Many of my library school classmates have been unable to find employment within a library. They have their MLS, they graduated with honors and 4.0 GPA’s, and many have library experience. When I started graduate school, there was the promise of an aging librarian exodus. We were told by professional organizations, graduate school professors, and fellow librarians that by graduation we should all find employment within libraries, especially since between 25-28% of “current working [ALA] membership base will have retired.”
“You’re going to help fill the bursting librarian retirement bubble!” we were told, and darn it if we didn’t believe that! Then life happened, the increase in retirement age happened, and we began to slowly realize that the library jobs were just not there. Many academic libraries began cutting back on staff, school libraries began hiring part-time employees who barely had their GED’s to replace “card-carrying” librarians, and public libraries saw budgets slashed repeatedly. It was around this time that I began to notice that many of the librarians I had known were jumping ship to non-library jobs. Many of the academic librarians still remained within an academic environment, but they began to look at positions outside of the library-realm in order to remain employed.
I had never really considered anything outside of librarianship. I knew that health sciences librarianship was what I wanted, but I was finding it increasingly difficult to motivate myself in my position. In what I would consider a life-altering decision, I decided to leave the library and took a position in the School of Medicine instead. While my new position has been great, the decision to leave was not something I took lightly. I know that for many of my classmates, leaving the library after getting your MLS would be considered sacrilegious, but it is those people who really need to expand their professional horizons.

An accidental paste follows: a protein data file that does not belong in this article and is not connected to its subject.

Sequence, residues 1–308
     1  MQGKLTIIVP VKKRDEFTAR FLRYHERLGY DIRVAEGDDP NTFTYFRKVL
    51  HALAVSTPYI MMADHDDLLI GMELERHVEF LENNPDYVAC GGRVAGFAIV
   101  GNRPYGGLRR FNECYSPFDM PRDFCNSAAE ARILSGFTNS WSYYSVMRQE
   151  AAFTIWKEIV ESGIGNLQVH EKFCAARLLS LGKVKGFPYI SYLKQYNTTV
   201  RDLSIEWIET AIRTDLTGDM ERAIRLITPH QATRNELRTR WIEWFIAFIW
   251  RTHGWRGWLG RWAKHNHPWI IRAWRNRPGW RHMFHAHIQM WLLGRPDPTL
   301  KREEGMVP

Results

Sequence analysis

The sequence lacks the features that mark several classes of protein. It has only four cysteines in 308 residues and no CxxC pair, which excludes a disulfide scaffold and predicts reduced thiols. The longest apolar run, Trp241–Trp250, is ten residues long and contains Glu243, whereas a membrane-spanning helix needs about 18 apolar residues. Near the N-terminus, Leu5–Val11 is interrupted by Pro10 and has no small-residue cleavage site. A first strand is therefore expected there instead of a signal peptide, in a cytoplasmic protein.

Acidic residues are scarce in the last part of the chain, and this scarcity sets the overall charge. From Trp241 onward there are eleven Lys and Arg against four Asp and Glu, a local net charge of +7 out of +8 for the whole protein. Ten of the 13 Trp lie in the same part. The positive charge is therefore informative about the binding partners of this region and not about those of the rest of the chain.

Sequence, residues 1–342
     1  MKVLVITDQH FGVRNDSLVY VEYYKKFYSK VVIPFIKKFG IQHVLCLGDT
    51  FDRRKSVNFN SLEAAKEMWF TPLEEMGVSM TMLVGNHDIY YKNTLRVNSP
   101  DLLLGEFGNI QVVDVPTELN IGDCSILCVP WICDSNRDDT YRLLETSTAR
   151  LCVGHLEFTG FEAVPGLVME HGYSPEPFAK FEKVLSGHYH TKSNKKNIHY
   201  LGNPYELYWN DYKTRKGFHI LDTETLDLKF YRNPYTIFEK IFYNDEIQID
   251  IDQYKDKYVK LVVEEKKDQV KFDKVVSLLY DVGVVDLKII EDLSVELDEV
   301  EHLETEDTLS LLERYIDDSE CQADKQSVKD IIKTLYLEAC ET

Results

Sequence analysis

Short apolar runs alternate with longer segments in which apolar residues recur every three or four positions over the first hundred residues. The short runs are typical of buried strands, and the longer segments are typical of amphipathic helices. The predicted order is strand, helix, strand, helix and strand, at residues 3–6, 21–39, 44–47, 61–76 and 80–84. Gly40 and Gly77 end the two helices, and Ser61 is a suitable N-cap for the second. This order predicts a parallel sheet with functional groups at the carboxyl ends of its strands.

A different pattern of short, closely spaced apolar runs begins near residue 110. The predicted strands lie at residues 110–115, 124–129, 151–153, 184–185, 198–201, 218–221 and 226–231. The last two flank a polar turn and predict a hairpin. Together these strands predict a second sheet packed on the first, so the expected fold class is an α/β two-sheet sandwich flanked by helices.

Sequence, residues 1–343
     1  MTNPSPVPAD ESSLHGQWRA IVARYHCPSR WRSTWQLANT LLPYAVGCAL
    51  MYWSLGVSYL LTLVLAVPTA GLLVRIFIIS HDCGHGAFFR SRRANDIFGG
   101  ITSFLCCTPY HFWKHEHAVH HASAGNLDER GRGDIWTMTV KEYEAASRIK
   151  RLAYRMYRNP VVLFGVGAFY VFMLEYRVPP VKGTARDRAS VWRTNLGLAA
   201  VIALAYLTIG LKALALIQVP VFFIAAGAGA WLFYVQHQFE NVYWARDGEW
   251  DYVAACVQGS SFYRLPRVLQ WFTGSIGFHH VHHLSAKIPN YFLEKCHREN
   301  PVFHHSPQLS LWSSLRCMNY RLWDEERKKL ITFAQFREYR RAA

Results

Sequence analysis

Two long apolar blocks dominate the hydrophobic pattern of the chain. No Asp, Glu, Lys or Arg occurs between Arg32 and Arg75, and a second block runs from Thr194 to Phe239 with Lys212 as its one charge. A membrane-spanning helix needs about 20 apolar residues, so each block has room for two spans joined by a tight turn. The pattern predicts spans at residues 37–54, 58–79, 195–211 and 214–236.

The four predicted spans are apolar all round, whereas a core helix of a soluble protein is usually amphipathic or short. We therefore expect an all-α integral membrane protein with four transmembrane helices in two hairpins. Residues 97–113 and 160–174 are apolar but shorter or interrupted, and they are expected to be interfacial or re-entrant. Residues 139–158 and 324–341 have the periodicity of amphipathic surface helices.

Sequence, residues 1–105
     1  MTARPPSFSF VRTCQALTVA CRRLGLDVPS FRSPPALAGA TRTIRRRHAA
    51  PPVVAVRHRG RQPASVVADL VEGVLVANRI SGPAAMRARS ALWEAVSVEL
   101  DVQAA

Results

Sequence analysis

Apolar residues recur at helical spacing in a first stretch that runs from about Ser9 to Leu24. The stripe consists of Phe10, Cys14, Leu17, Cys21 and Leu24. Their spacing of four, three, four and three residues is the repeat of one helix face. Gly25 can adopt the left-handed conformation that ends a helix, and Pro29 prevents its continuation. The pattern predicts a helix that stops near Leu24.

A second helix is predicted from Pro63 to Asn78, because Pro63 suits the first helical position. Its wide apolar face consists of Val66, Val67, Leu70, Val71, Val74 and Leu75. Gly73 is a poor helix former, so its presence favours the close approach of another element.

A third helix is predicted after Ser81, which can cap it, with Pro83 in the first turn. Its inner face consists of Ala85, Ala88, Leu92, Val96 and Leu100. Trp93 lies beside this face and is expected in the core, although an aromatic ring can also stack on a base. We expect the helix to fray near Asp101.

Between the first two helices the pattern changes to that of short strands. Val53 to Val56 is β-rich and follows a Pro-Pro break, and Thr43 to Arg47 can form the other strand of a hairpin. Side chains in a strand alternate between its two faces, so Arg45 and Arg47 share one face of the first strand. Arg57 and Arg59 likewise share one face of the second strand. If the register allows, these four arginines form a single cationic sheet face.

Many MLSers have begun to take positions in other organizations. While this doesn’t mean they have to give up on their dreams of becoming full-fledged librarians, it does mean that they may have to take a break from librarianing for awhile. These hiatuses can end up being far more positive than they originally thought, especially if they are able to find a position in an up-and-coming company peddling innovative ideas. On the INALJ site, the entire left sidebar is filled with “keywords for job searching.” Position titles like: User Experience Designer, Project Analyst, Digital Asset Manager, Content Strategist, and MakerSpace Facilitator may not jump out at MLS grads as positions they are qualified for, but they absolutely could be!
Let’s take the first position, User Experience Designer, for example. When looking at the “desirable skills” for a UXD, one might see:
- research techniques
- ethnography and discovery
- user modeling
- information architecture and information design
- project/time management
- stakeholder management
- visual communication
- public speaking and presenting
- interpersonal skills (collaboration, team-building)
- database principles, tools and technologies
- understanding of software and hardware development processes
- proficiency in PowerPoint, Adobe Creative Suite
- knowledge of file formats
- knowledge of existing and new technologies and constraints